Compartment syndrome results from increased pressure in the muscle compartment, usually of the lower leg. The condition leads to pain, decreased circulation and compromised muscle function. The increased compartment pressure may be due to increased muscle size with training or trauma to the area that involves swelling. If left unchecked, the decreased circulation to the muscles decreases the amount of oxygen available to the tissues and can lead to irreversible tissue death within the compartment.
Compartment syndrome can be chronic in nature, developing gradually over the course of activity, or can occur acutely during one single episode of physical exertion. There are four muscle compartments in the lower leg (anterior, posterior, lateral, medial); the anterior compartment on the front of the lower leg is most frequently affected.
Signs and Symptoms
5 P's: paresthesia (numbness in toes), paresis (drop foot), pain (front of shin bone), pallor (pale are of skin), pulselessness (decreased pulse in foot)
- Pain and muscle cramping during and after activity
- Warm, tight, shiny red skin over the affected area
- Hard and tender muscle mass on palpation
- Decreased skin sensation on the foot
- Weakened muscle group
- Increased pain with muscle stretching
- Pain only when certain activity level is reached and usually subsides when activity is stopped.
- Symptoms similar to but less severe than acute.
P.R.I.C.E. PROTECT the area by addressing equipment (i.e. shoes) and technique of activity (biomechanics of running). REST does not imply halting all activity, and the injured athlete can be running in deep water, light cycling, etc. to maintain and/or increase fitness. ICE the area to reduce inflammationl. COMPRESSION is NOT recommended. ELEVATE the area after a long workout to increase circulation to the heart.
Referral. ACUTE compartment syndrome is considered a SERIOUS MEDICAL EMERGENCY requiring immediate intervention, usually surgery, to release the compartment pressure. Whenever compartment syndrome is suspected the athlete should be seen by a physician to determine the extent of the problem. Even in the chronic case, surgical intervention may be needed in recurrent symptoms.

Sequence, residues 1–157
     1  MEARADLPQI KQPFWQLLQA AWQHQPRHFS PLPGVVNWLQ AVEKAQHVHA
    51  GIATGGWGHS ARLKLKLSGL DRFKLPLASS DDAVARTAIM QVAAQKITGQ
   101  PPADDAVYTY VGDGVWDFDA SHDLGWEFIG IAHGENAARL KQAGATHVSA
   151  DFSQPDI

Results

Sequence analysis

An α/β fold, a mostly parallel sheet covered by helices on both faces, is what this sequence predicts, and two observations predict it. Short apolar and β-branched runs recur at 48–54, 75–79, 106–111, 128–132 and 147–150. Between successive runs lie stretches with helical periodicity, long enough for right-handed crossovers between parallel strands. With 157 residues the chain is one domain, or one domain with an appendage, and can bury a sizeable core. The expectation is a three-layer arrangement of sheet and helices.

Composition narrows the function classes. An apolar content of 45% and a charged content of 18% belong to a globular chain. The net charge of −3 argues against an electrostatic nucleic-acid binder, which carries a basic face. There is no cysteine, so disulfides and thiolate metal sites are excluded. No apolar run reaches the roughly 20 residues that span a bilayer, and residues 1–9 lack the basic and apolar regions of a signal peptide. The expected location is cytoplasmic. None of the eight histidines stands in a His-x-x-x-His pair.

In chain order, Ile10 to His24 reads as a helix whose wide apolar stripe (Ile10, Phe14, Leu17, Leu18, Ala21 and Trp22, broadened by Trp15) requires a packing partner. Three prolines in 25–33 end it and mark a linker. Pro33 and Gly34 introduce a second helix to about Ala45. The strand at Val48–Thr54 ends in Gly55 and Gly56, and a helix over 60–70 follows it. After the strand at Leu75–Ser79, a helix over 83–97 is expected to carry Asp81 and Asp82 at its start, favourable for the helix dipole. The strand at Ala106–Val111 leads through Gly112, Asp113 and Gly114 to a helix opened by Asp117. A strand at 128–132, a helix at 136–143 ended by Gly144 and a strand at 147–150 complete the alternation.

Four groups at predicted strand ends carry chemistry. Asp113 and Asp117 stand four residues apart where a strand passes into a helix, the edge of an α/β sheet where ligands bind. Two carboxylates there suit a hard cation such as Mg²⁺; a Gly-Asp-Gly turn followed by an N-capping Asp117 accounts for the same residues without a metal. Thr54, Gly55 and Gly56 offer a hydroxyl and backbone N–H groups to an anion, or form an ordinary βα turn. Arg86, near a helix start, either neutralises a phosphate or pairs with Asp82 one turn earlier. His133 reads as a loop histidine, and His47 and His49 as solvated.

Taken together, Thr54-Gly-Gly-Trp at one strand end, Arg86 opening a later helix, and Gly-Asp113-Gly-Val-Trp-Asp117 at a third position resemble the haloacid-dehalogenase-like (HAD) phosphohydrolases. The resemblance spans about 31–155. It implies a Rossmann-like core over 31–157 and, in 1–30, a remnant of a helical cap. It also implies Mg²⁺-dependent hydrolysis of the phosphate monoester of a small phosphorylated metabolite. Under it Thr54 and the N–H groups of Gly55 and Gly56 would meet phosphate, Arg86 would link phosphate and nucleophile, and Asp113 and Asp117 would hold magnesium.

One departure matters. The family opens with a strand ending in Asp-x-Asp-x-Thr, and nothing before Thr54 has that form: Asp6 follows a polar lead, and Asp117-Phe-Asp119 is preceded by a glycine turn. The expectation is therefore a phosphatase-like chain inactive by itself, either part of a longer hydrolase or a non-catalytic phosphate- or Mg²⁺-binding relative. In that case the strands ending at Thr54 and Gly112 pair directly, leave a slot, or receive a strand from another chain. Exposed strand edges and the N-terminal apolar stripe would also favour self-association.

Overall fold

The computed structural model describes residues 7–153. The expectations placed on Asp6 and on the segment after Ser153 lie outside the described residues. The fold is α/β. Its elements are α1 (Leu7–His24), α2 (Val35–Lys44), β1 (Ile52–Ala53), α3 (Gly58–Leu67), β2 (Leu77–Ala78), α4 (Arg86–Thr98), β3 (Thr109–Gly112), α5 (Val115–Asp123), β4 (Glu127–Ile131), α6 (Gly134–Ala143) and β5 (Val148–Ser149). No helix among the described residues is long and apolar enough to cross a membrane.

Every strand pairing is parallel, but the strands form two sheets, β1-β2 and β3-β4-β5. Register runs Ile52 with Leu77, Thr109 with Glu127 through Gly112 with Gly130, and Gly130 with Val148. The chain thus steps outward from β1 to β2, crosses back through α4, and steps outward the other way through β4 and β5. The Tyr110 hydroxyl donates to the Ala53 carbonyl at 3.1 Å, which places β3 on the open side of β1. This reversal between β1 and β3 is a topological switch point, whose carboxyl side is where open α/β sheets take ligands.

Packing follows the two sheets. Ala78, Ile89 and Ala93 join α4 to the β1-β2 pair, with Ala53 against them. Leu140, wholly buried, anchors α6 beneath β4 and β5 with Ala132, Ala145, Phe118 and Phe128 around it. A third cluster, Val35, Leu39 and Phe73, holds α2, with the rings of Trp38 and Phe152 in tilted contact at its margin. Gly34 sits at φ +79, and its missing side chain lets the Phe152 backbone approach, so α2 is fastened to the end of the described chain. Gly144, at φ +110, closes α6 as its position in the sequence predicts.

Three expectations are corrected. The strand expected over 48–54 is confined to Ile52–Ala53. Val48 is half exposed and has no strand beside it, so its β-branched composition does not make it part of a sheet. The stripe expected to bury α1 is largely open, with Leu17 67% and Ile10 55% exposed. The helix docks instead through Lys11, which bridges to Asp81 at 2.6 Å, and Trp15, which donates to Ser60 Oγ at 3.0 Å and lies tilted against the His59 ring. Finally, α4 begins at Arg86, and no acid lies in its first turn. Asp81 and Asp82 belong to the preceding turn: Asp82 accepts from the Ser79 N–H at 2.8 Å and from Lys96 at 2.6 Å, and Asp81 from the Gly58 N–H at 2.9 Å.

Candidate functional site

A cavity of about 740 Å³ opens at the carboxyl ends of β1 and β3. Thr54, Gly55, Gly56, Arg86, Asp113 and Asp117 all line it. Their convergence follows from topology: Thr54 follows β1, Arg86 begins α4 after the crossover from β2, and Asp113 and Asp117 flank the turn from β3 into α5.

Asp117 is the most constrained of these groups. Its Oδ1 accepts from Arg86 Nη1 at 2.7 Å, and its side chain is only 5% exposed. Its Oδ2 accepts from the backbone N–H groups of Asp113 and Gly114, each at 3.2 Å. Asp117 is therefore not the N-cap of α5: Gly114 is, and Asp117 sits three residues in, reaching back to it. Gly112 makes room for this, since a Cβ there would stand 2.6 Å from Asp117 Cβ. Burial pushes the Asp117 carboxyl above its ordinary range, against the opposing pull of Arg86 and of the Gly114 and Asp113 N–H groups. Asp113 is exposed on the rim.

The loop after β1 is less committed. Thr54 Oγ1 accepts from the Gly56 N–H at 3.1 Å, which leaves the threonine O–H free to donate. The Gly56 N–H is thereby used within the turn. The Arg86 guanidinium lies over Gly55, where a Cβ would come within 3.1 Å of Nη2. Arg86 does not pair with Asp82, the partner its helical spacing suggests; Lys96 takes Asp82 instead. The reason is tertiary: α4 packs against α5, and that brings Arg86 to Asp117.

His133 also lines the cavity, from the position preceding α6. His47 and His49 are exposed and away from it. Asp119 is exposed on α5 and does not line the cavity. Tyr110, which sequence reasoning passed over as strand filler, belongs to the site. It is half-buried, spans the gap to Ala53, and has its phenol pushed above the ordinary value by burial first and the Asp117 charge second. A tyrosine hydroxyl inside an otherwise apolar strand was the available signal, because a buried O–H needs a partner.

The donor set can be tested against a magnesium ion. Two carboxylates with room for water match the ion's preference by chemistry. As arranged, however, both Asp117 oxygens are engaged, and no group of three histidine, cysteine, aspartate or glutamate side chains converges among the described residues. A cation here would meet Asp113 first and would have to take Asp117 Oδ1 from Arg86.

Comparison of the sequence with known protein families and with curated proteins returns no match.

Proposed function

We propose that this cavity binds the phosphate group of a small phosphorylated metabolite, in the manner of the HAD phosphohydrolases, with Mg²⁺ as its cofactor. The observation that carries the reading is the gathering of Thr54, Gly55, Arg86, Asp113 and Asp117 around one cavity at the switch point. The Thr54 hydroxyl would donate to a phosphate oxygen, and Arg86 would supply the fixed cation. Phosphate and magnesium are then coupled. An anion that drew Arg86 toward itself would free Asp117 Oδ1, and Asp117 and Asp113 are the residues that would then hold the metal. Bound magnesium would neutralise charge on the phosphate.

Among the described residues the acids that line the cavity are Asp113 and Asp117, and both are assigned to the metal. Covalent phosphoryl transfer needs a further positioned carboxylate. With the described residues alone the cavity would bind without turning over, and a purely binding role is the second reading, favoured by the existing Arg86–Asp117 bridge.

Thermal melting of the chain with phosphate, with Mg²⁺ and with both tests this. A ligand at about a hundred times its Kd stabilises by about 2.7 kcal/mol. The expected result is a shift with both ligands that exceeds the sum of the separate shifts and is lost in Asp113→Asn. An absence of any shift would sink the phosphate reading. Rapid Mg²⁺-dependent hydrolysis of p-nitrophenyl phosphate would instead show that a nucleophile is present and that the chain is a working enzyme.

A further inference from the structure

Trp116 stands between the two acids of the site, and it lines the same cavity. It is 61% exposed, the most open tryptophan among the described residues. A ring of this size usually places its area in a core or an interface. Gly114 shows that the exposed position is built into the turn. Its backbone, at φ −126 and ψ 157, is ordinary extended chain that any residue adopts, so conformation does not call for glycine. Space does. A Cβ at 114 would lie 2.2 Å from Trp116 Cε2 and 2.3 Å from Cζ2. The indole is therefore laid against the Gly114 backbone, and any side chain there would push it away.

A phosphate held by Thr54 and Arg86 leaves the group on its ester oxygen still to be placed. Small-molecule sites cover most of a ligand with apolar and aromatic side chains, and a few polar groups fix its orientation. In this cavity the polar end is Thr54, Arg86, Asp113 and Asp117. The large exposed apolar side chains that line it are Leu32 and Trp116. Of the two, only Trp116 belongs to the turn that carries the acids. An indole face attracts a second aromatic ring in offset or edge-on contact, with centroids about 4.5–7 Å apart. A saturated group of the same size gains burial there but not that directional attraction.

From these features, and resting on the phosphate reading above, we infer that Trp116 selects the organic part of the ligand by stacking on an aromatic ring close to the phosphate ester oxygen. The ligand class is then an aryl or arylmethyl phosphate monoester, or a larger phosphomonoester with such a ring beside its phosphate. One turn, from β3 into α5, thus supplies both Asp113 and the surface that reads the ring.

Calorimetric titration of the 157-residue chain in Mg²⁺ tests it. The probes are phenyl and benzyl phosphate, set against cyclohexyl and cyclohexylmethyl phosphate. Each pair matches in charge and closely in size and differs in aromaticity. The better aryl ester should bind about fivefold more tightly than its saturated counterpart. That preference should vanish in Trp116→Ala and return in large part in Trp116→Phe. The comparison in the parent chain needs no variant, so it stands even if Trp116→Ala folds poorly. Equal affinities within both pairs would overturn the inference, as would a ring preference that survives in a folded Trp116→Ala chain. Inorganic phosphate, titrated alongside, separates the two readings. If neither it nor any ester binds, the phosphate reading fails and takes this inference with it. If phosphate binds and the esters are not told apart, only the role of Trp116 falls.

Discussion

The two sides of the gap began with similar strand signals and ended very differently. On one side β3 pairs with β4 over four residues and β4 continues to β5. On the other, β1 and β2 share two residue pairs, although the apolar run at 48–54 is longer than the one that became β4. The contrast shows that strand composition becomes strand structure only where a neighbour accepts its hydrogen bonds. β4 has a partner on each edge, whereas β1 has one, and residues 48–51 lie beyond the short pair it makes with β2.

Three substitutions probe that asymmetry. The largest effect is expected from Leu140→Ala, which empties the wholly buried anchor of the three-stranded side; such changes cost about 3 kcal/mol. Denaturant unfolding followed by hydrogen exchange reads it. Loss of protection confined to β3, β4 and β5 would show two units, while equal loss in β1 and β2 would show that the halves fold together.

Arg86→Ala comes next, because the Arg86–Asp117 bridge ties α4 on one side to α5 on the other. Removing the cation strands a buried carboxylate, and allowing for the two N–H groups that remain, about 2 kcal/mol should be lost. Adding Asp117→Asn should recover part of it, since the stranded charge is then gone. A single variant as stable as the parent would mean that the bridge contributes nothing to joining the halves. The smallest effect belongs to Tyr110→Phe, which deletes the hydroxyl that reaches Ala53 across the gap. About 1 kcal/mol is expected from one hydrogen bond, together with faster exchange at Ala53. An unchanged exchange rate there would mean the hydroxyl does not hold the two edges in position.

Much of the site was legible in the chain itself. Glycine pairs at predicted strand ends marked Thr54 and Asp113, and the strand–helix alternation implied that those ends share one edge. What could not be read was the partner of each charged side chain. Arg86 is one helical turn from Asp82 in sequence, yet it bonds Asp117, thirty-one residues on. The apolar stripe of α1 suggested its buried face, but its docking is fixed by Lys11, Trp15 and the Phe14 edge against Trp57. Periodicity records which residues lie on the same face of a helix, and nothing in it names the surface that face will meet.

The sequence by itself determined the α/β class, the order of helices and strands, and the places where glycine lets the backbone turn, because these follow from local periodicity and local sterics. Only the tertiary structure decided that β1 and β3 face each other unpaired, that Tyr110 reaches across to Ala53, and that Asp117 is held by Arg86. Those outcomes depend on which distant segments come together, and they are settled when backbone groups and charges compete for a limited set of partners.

Rehabilitation. After clearance from a physician, gentle stretching of the muscles in the involved compartment may help relieve some of the symptoms.
Promote Healing. Invariably with overuse injuries, when the athlete's pain is relieved, s/he prematurely returns to activity and is re-injured. It is important, not to attempt to "run through" the pain or place continual pressure on a stress fracture, as a complete fracture of the weakened bone may result. Caution against weight bearing during severe pain. Healing occurs with rest and a combination of progressive site-specific strength and conditioning exercises and overall body conditioning.
Control Abuse. The potential for tissue overload must be adequately controlled prior to returning the athlete to activity. Some effective methods for tibial stress include: supportive footwear, improving running technique, addressing training errors (frequency, intensity, duration), and paying attention to playing or training surfaces.
Return to Activity. Only after completely healed with the physician's OK.
Prevention. Although there may be no way to prevent the initial injury, permanent damage can be prevented through immediate recognition and referral.
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